The warranty issue is likely to give pause to potential acquirers as well, but looking at the valuation of the most recent deal in the space this does not appear to be an attractive option anyway. Power-One (the second largest inverter company in the world) was acquired by ABB on July 25th of this year. Giving ENPH the same trailing-twelve-months revenue multiple as Power-One's takeout we get to a stock price of $3.78 (also treating the warranty obligation as debt which has a $0.70 impact on the valuation). While using revenue multiples is not ideal, ENPH's lack of profitability make it necessary. I would note that Power-One generated over $100M in operating income in 2012. I would argue that with the potential problems a 15-25 year warranty could entail, ENPH should trade at a discount to the Power-One takeout multiple. A multiple of 0.5x EV/sales yields a price of $2.48, which I believe is more than fair for a low growth, low margin, money losing business. If the trend of increasing failure rates continues it could ultimately prove fatal for the company as a loss of customer confidence could lead to stalled revenue growth (like we have seen this year). Without significant revenue growth the company will struggle to ever reach profitability and eventually customers will have to wonder how valuable is a 25-year warranty issued by a company that never makes money.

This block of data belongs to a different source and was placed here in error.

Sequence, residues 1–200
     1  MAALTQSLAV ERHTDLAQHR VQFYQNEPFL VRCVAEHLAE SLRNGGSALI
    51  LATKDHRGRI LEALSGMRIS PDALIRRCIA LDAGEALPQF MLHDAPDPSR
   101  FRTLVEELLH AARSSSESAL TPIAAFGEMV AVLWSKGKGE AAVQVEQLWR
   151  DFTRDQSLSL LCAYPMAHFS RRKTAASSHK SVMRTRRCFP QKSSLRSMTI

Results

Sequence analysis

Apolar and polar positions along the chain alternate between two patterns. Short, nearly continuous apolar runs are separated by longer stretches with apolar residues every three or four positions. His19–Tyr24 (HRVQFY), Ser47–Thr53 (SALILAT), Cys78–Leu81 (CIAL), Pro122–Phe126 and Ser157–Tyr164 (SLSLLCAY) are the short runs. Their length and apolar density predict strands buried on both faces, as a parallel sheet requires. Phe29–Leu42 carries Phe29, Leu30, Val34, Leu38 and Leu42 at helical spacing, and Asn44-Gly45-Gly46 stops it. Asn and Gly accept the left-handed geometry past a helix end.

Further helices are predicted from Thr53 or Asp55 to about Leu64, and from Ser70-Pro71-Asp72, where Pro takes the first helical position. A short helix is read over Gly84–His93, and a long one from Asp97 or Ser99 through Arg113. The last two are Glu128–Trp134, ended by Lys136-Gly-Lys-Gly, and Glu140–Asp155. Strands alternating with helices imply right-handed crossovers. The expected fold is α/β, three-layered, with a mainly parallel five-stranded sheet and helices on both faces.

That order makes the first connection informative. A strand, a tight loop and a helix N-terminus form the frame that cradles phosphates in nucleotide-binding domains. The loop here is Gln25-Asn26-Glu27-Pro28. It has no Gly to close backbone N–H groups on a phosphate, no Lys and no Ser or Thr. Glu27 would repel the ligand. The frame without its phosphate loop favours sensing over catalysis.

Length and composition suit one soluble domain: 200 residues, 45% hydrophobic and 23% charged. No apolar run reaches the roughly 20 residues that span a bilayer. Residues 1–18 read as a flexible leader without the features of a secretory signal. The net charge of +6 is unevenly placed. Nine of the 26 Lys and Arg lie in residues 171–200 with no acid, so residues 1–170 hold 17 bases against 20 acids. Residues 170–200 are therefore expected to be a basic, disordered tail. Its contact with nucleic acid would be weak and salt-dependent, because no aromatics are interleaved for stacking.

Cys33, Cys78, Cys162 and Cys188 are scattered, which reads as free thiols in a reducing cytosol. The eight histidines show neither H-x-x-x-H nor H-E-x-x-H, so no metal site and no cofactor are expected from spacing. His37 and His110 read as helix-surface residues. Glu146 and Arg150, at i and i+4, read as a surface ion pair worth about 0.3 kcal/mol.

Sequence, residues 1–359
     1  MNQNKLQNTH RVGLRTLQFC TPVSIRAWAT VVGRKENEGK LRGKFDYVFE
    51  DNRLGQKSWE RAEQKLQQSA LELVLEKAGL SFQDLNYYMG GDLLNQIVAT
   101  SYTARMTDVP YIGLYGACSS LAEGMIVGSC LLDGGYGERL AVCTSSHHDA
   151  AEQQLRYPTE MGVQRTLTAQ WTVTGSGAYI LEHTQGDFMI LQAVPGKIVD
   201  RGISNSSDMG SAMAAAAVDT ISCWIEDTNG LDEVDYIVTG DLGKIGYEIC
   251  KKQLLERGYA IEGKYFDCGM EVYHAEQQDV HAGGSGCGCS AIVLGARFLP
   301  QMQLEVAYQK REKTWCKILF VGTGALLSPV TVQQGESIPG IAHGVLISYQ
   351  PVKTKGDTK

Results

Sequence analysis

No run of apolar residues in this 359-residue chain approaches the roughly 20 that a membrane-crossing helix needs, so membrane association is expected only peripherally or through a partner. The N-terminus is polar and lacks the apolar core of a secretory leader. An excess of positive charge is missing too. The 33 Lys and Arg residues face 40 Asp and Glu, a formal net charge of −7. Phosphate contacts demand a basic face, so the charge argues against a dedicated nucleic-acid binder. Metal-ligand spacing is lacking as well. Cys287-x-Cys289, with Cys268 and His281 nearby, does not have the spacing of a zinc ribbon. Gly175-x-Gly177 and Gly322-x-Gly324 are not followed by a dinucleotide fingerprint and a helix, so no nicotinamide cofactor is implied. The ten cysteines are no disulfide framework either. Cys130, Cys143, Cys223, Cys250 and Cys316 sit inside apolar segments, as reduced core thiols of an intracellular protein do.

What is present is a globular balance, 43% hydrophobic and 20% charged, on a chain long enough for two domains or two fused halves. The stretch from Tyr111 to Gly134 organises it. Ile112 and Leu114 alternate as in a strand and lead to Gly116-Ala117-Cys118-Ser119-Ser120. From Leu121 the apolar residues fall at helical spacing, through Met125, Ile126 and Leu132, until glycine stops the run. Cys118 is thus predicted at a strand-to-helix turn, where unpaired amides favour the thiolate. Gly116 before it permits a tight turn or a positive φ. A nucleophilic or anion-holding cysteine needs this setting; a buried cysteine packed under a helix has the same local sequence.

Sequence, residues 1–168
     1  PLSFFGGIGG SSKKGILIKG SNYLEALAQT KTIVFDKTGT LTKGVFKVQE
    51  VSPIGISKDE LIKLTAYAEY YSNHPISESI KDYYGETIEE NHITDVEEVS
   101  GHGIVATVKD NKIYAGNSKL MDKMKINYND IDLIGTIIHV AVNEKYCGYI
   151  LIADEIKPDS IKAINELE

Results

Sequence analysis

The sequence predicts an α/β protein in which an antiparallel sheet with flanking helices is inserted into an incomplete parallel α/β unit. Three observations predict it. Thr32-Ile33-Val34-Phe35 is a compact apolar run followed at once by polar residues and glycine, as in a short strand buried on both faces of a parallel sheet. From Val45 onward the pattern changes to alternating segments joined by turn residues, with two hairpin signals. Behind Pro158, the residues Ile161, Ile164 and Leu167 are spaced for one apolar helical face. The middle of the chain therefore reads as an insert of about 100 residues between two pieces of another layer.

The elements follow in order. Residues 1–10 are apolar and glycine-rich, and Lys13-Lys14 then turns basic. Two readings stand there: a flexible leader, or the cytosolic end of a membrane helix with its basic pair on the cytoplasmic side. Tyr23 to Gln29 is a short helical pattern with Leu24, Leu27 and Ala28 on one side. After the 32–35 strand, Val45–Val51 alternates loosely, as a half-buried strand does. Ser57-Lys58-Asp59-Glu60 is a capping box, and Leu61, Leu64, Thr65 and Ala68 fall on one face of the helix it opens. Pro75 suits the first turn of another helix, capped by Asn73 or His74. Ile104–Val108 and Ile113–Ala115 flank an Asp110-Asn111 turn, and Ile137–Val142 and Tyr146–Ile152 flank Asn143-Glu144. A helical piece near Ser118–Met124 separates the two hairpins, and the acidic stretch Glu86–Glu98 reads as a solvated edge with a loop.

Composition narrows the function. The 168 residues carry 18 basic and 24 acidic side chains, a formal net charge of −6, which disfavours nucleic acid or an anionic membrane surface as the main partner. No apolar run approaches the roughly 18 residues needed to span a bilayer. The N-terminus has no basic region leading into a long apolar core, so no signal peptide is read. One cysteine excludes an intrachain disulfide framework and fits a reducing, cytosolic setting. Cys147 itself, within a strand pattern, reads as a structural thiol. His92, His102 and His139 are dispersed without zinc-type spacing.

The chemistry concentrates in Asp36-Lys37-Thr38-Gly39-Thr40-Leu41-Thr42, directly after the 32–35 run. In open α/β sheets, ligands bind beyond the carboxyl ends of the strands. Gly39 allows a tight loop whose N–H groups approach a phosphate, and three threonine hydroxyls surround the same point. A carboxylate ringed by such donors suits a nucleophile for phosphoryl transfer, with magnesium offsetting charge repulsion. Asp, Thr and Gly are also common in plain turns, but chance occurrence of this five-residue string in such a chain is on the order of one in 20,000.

Disclosure: The fund I manage has a short position in ENPH.